Ten Reasons The Euro is (Still) Bad – Part 2

Once a country has joined the Euro there is no reverting back to its old currency.  This is the second reason I gave as to why the Euro experiment is a bad idea.  In 2010 Greece is a good example of a country that may wish to leave the Euro, or one where other member states may wish they could kick it out!  But the Euro hasn’t been designed with an emergency exit – there is no way to get out once you’ve signed up.

Now you may say the Greek government could simply start to print Drachmas and declare the Euro as no longer legal tender.  The problem is all the gold and currency reserves are held in Frankfurt and controlled by the European Central bank.  The Greek government would need to “ask” the ECB for its fair share.  But what is a fair share for a country that is basically bankrupt (hint: it’s close to zero).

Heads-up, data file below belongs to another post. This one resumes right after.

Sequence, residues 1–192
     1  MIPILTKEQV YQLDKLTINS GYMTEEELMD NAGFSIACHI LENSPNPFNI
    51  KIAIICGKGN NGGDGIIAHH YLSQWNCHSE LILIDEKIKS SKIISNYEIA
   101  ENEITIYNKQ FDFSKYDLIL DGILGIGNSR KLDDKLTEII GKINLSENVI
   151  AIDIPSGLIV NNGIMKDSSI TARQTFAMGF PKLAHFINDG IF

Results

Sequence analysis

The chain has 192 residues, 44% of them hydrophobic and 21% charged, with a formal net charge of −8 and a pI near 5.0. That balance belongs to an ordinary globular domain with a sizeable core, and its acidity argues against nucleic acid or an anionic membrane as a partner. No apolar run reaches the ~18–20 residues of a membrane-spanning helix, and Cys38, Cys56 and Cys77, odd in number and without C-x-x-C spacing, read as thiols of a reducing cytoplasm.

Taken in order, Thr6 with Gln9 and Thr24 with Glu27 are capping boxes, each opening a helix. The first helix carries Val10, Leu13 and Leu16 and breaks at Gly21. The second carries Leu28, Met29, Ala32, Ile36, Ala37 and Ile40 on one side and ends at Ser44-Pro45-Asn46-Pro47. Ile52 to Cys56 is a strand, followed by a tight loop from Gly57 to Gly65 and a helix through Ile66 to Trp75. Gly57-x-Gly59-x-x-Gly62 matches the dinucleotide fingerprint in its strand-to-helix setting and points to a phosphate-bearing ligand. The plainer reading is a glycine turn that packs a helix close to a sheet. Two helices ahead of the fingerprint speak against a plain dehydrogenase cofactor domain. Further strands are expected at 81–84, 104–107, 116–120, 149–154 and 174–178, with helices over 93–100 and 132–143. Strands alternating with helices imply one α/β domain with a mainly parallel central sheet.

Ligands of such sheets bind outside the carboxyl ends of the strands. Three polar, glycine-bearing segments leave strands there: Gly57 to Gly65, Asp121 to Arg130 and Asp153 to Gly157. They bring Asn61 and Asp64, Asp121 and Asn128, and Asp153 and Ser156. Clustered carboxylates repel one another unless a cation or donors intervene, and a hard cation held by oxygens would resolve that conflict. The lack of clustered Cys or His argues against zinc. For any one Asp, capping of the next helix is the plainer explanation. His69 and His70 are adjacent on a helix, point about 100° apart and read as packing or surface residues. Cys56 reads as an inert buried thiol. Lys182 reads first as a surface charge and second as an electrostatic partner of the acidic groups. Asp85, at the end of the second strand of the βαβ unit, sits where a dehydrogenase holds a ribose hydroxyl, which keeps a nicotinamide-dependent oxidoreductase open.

This means there would be nothing backing the new Drachma currency.  The tension created by no exit path is tremendous and could ultimately lead to the explosion of the Euro.  The alternative is for wealthier countries such as Germany and France to foot the bill for Greece’s miss-management.  A measure that is certainly unpopular and possibly illegal.  I would certainly not recommend investing any money in the Euro currency as its value will be hammered as it negotiates though these choppy waters ahead.

I predict less than parity to the US dollar within two years i.e. €1 = $0.9.